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Trump could see trade deficit with S. Korea with 'concern' if reelected: US expert

Feb. 26, 2024 - 10:08 By Yonhap
Wendy Cutler, vice president of the Asia Society Policy Institute and a former negotiator of a South Korea-US free trade agreement, speaks during a meeting with the South Korean press corps in Washington, D.C., on Feb. 22. (Korea Trade-Investment Promotion Agency)

Former President Donald Trump could view America's growing trade deficit with South Korea with "concern" if reelected, a prominent US expert has said, as his campaign proposal for new tariffs has raised worries among nations.

Wendy Cutler, a vice president of the Asia Society Policy Institute and former negotiator of a South Korea-US free trade agreement, made the remarks during a press meeting, noting that Trump continues to place "such a big emphasis on trade deficits."

"What is a bit concerning is during the previous Trump administration, the bilateral deficit with Korea was declining, and I think that was welcomed by the Trump administration," she said during the meeting with the Korean press corps in Washington on Thursday.

"But over the past few years, particularly given our trade in autos and semiconductors, our trade deficit with Korea now is on an upward trajectory. So that is something that could be of concern to the Trump administration if they were to win the election."

Cutler also pointed out that Trump "believes passionately that trade deficits are bad."

"He looks at the fact that if we're buying more from a country than we're selling to them, then that relationship works against our interest, and that we should be in balance with our trading partners," she said.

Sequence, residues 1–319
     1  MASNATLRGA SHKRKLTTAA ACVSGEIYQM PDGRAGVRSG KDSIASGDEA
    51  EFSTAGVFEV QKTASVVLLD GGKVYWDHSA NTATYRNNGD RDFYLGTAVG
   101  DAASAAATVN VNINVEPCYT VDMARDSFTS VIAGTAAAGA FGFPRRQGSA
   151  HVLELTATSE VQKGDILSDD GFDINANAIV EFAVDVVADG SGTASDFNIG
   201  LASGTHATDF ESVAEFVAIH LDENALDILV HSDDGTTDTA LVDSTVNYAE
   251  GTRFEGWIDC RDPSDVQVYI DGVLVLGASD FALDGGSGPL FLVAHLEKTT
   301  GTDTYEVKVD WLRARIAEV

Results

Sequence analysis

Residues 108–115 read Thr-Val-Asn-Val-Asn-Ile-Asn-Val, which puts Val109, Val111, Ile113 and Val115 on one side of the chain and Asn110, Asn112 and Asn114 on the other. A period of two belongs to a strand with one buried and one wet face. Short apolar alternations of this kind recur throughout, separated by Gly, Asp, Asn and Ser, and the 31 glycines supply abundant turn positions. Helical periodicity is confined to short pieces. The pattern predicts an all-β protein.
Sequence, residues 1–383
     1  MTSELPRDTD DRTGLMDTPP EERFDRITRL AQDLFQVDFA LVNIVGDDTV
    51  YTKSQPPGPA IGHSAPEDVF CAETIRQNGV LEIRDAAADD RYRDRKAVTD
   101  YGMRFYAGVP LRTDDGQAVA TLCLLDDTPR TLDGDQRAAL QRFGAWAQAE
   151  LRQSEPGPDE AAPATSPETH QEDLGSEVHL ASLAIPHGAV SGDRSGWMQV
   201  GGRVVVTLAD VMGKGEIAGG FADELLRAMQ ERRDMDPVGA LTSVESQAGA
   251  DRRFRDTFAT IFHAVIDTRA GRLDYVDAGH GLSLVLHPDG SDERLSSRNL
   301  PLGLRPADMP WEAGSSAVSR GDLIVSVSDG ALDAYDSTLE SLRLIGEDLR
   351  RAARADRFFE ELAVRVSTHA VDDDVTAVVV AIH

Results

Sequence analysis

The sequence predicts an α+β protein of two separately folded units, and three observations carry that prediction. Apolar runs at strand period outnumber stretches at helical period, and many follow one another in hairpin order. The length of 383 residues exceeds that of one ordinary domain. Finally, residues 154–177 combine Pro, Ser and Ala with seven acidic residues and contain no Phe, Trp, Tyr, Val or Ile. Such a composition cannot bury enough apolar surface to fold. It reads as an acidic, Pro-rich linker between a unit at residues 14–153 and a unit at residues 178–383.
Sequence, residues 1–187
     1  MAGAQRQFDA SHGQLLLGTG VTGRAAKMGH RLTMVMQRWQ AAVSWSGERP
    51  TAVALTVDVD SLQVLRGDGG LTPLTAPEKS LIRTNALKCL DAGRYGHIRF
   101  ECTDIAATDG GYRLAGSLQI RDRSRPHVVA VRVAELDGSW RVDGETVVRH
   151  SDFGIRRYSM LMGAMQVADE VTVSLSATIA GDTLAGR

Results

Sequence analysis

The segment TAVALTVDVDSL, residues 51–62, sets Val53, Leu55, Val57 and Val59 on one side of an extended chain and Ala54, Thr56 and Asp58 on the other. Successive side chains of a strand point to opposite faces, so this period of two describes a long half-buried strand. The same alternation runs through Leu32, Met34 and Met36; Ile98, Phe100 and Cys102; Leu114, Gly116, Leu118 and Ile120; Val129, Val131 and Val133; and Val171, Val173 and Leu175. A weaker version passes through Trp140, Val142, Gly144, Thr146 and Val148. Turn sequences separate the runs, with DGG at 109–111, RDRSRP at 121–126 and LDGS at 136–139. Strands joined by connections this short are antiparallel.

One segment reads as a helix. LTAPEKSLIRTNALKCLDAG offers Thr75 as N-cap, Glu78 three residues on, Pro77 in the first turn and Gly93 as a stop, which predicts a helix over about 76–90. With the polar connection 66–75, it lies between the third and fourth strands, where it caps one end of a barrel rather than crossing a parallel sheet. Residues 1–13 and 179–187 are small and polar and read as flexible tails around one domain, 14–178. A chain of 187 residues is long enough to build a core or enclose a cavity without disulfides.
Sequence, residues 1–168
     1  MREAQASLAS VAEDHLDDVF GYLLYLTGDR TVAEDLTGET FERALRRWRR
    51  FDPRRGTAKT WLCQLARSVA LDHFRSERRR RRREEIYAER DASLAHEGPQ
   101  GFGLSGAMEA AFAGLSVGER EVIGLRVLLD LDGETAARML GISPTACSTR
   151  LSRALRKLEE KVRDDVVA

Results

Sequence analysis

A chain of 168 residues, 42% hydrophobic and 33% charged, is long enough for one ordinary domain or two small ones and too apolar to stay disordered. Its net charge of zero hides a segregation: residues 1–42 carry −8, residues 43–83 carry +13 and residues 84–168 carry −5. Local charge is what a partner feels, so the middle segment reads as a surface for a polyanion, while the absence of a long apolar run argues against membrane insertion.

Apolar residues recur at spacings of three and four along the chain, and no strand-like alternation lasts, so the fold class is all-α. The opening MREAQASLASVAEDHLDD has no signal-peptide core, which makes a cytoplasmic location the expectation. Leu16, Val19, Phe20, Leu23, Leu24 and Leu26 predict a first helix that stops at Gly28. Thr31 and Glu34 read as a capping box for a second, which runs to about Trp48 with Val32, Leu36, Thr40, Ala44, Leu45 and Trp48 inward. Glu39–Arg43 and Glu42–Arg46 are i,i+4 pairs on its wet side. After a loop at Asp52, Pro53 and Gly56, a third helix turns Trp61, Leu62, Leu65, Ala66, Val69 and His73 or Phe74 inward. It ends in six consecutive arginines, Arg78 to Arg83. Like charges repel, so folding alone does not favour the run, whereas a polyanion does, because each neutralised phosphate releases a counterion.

With victories in all early voting states, including South Carolina on Saturday, Trump has cemented his overwhelming lead in the Republican presidential nomination race to clinch the GOP ticket to face presumptive Democratic Party nominee President Joe Biden in November.

His commanding lead in the intraparty race has led many countries -- even those with free trade agreements with the United States -- to wrestle with a puzzling question about a potential policy shift that Trump could bring about should he return to the White House.

Particularly, his proposal to phase in a "universal baseline tariff" of 10 percent on most foreign products is feared to raise friction with many countries.

"It's just unclear because all (former) President Trump has said so far is 'I plan to impose a 10 percent tariff across the board.' But the question I have (is) does that apply to FTA partners?" she said.

"To be clear, that would violate, in my mind, our obligations under the FTA. That is exactly what you are not supposed to do under a FTA is to arbitrarily increase tariffs among the two partners," she added.

Cutler called attention to the fact that the South Korea-US (KORUS) FTA was renegotiated under the first-term Trump administration.

"They also have a stake in this agreement as well," she said. "They can't blame the past administrations for any shortcomings in the KORUS that they see."

Cutler warned that a new 10 percent tariff on all imports, if imposed, is going to "really wreak havoc on the multilateral trading system."

"I think it will make it very difficult to work with our allies and partners on issues where we want their help and assistance," she said. "I would hope that policy, even though it's being discussed on the campaign trail, would disappear when and if Trump becomes president."

Asked about a hedging strategy to cope with Trump's potential trade policies, she stressed the need to look closely at what tools his administration can use against countries and work on ways to mitigate the impact of those potential measures.

"I suspect that many of our trading partners are talking among themselves about how maybe they could collectively respond to some of the proposals that Trump already has put on the table," she said.

Cutler formerly served as acting deputy US Trade Representative and the chief US negotiator for the KORUS FTA. (Yonhap)